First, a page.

Emerald Alternatives

I’m a colored stone guy. I love colored stones. I love selling colored stones. I love helping people foster a greater appreciation for colored stones. One thing I’ve learned over the years is that not all colored gems are created equal, and it’s important for a client to know their options when designing a piece of jewelry. When it comes to any fine gemstone, sometimes alternatives need to be sought, either because of budget, or because of the type of jewelry I’m designing for an individual who is hard on their stuff; some gems are simply not tough enough to be worn in everyday rings and bracelets. Emeralds can fall under both of those categories.

I think emeralds are gorgeous. Fine Colombian emeralds are green like almost no other gem in the world, but they often come with an exceptional price tag. Not that that’s bad thing; you’re paying for quality, but like some things in the jewelry world, large, fine emeralds can be exclusively expensive.

As I discussed in a previous blog, emeralds also tend to be rather fragile and high maintenance. While protecting your investment is warranted, and I am staunch believer that your jewelry should be worn and appreciated, emerald rings and bracelets should not be everyday-wears.

But are there really any other such beautiful, glowing greens to be had in the gemstone world that aren’t so expensive and don’t come with a laundry list of “thou shalt nots?” Well, sort of. Frankly, there is really nothing in the world quite like a fine emerald, but there are a few that come close.

Demantoid garnet is one of those. But because of its own distinct beauty and the rarity of fine material, it’s pricey. It also doesn’t really look like emerald; it looks like demantoid. It’s kind of like comparing apples and oranges: very, very expensive apples and oranges.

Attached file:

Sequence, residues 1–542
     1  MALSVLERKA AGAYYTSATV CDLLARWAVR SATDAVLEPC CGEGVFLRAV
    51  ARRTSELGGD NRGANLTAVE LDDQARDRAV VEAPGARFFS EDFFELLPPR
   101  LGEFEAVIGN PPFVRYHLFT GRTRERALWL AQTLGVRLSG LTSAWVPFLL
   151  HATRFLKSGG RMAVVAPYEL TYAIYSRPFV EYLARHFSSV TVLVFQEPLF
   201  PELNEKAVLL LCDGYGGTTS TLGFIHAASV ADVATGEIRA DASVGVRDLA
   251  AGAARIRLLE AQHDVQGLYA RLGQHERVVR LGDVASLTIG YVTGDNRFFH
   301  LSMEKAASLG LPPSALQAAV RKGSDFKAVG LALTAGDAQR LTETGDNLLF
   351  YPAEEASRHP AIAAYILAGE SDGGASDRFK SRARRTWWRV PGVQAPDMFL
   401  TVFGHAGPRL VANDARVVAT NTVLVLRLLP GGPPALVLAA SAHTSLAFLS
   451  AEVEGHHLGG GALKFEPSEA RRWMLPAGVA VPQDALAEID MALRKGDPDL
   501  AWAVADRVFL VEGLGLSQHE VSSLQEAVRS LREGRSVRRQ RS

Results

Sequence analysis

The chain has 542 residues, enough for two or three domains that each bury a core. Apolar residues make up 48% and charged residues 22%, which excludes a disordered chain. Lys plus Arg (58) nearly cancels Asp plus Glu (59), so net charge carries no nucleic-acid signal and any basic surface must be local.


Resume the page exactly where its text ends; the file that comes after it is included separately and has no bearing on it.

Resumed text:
Chrome diopside is much more affordable, but it’s even more delicate than emerald (setting it in a ring or bracelet just makes me nervous). Chrome diopside is also usually too dark of a green to compare to emerald.

Chrome Tourmaline

Chrome Tourmaline

There are really only two viable options that I’ll back: tsavorite garnet and chrome tourmaline.

Tsavorite is colored by vanadium, the same element that colors Zambian and Zimbabwean emeralds. Nice, evenly colored, properly saturated tsavorite is kind of spendy, but not nearly as much as emerald. It’s also a little on the soft side, but garnets in general are fairly robust as most gems go. They have no cleavage and are rarely enhanced with after-mining treatments. Like all garnets, tsavorite has a high refractive index, so it sparkles more, but doesn’t have that alluring glow for which emeralds are so famous.

Tsavorite

Tsavorite

My real winner in this debate is chrome tourmaline. Chromium, the trace impurity that provides the finest greens in emerald, jade, and demantoid, combines its outstanding green with a gemstone that has daily-wear durability and a much more accessible price point. It’s a great combination.

Most green tourmalines are pretty on their own, but they tend to be olive-toned or watery since they are usually colored by iron. Chrome tourmaline is a little more expensive than its non-chromian siblings, but it will hardly break the bank unless you’re looking for something of outrageous size.

Posted in: Emeralds, May Birthstone

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